Wednesday, 5 March 2014

Page Ten - Sister and the Fighting Drunk (Copcast #125)

George was listening to the latest episode of Copcast and chuckling at Morgan's valiant attempt at an english accent, that had somehow morphed into australian, when his Night Duty refs break was interupted by a call on his radio.

“Units to attend the Accident and Emergency department at the hospital, patients fighting with members of staff, graded I India”

George and his operator, along with their whole team, were already in the back yard looking for their cars before the message was halfway through. George, like most officers in the UK, was taught very early in his training that hospital staff are among his best friends, they support and protect you but they are non-combatants and you should protect them and treat them with respect. Upset a nurse and your life is likely to become very miserable one day when either you need their assistance with an injured witness or prisoner or worse still if you're hurt and need their care.

George had a particularly close friendship with one of the A&E Sisters who he knew was on duty that night and worse, despite being only a petite 5'2” she was most likely in the thick of the action. Needless to say he was first on scene and his operator had white knuckles from holding the FM handle so tightly.

They ran in to the hospital to find a large group of people milling around in the corridor and pushing their way through found, as George had feared, the diminutive nurse with her hair somewhat messed, sitting on the back of very beligerant and apparently drunk male in his twenties, who was sprawled out on the floor, restraining him. George tried hard to surpress a grin as he asked, “Sister, could you possibly explain why you are using this poor man as a seat?”

Sister explained that the male in question had been brought in by his mother after he had been out drinking to celebrate getting out of prison. Apparently he had been so much the worse for wear that he fell and split his scalp, which explained the large amount of blood on the floor. While he was waiting to be treated the young man had got into an argument with his mother and ended up holding her by the throat against a wall and beating her head against it. At this point Sister had intervened and by all accounts a most impressive roll-around had ensued with Sister winning.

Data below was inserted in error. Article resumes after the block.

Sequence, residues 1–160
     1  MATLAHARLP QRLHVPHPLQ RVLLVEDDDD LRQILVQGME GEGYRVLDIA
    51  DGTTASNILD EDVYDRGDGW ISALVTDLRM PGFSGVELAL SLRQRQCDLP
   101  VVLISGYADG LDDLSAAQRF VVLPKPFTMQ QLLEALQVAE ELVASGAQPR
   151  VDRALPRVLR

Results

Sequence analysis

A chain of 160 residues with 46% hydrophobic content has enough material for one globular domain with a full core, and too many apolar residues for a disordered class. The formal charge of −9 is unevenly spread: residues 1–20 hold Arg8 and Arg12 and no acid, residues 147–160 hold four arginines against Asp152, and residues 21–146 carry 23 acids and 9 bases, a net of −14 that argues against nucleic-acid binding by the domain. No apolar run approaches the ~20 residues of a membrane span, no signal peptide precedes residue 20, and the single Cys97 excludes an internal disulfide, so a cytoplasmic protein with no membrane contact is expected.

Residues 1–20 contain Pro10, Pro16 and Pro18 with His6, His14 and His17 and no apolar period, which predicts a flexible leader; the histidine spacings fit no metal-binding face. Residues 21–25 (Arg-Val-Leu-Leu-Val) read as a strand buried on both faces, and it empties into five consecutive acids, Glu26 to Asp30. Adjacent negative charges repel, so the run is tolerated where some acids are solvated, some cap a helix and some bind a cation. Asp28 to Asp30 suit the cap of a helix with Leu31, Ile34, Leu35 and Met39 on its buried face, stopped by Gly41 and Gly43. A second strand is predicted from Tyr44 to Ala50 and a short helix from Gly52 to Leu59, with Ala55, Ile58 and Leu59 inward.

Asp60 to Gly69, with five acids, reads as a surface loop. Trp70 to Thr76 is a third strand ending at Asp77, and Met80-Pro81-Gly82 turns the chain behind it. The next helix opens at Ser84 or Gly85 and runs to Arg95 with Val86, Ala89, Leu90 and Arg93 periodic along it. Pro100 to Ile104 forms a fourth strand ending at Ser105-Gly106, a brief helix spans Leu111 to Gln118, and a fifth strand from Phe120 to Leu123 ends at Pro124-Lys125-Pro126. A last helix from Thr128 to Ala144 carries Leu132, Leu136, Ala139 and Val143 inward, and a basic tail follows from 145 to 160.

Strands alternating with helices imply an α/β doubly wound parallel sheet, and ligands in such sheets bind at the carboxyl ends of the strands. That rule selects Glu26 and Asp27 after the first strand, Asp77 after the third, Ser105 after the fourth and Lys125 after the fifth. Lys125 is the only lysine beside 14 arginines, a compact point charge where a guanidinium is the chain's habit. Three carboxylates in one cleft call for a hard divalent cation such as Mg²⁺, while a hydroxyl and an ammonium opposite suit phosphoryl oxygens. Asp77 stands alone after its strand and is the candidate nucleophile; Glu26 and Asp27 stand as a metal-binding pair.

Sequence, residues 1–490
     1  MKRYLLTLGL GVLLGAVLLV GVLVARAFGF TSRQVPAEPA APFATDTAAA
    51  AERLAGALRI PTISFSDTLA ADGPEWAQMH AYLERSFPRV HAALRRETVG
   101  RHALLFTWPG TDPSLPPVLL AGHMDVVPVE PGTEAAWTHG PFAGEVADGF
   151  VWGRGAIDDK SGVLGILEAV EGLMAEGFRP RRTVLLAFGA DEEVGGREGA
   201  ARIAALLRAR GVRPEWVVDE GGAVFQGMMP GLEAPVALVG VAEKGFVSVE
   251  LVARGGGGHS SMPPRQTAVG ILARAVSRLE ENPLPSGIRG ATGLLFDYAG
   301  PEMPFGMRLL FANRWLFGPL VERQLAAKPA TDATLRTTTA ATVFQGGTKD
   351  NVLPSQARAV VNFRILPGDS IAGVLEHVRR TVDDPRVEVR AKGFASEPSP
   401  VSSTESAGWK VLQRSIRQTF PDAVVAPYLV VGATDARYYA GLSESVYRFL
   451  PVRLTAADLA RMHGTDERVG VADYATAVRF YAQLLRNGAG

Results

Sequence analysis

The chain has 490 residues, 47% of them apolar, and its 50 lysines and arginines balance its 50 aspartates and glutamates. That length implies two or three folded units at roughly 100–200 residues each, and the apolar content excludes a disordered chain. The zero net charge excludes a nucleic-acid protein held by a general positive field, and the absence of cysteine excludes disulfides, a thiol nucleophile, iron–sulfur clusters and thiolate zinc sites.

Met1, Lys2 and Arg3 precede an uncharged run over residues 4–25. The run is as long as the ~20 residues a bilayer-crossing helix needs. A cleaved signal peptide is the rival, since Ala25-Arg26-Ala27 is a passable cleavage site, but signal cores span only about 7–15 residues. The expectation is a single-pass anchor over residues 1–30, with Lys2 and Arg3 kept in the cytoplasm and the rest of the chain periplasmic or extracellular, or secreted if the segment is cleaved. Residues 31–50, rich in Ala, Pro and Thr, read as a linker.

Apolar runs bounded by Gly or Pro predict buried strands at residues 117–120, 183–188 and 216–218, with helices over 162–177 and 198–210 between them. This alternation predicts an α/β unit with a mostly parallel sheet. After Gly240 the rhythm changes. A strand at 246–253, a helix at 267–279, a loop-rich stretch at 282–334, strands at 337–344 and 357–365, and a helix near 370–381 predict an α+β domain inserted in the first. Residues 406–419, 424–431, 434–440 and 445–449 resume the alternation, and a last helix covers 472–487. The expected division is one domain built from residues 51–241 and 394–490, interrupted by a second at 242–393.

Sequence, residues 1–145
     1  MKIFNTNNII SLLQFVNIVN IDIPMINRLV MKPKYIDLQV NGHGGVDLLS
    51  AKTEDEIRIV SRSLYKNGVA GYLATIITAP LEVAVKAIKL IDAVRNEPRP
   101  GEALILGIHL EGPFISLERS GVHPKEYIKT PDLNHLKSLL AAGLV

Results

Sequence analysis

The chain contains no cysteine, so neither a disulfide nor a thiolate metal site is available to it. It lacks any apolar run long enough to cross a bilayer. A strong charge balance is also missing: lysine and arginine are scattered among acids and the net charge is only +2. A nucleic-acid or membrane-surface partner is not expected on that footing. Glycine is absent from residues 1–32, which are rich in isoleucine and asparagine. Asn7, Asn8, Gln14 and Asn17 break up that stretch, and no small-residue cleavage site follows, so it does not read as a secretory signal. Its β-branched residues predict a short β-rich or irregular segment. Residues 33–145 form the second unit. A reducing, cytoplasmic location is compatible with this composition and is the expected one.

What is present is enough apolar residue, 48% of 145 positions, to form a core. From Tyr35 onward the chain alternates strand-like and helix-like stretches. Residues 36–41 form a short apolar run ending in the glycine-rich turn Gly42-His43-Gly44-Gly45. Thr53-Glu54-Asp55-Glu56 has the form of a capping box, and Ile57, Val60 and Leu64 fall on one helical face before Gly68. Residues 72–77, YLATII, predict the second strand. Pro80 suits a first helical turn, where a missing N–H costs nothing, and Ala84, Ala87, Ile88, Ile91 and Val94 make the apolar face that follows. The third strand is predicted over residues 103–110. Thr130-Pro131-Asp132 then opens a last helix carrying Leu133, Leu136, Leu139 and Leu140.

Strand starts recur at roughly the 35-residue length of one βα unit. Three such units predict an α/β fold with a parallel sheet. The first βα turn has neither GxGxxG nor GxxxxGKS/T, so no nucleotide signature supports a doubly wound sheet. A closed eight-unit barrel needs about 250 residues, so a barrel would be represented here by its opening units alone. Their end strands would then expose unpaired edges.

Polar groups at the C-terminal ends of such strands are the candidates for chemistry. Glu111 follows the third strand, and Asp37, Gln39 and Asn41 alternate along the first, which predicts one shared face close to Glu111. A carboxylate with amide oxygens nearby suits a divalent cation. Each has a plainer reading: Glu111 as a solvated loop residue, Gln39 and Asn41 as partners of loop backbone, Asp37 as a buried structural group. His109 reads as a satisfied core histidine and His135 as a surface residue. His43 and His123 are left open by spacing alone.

Sister just wanted the male treated and out of her department so George agreed to assist her while she sutured his impressive scalp wound which was bleeding profusely. During the procedure George noticed that Sister seemed to have forgotten to anaethsetise the patient before she began stitching, when he mentioned this she smiled slightly and said “Don't you think he's got enough anaesthetic inside him already and besides he needs to learn not to attack medical staff, we're here to help people and not to become part of their fight. Don't worry, he really can't feel this at all and it could be dangerous to add anaestheatic to his ethenolic state”.

Eventually the man was sutured and ready to leave, he woke up the next morning with a thumping hangover in a police cell with the news that he was being charged with several offences including assaulting his mother and the nurse and would be going directly to court that morning. It seems his celebrations at being released from custody were a little premature after all.

George's opinion of medical staff, especially nurses, went up yet another notch that night; they may well be non-combatants but you really do not want to mess with one of them.

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  1. For me, as a raw probationer, there was nothing quite so surreal as a running battle in what should be a place of sanctuary and healing. I soon learned that a hospital casualty department could very quickly resemble a mini Colesseum.

  2. Sad but true Hogday, weekend night duty for the wide eyed probationer innocent is a hell of a shock, especially in your local casualty.

  3. Sounds like one tough Cookie. I like her. Way to go give em hell.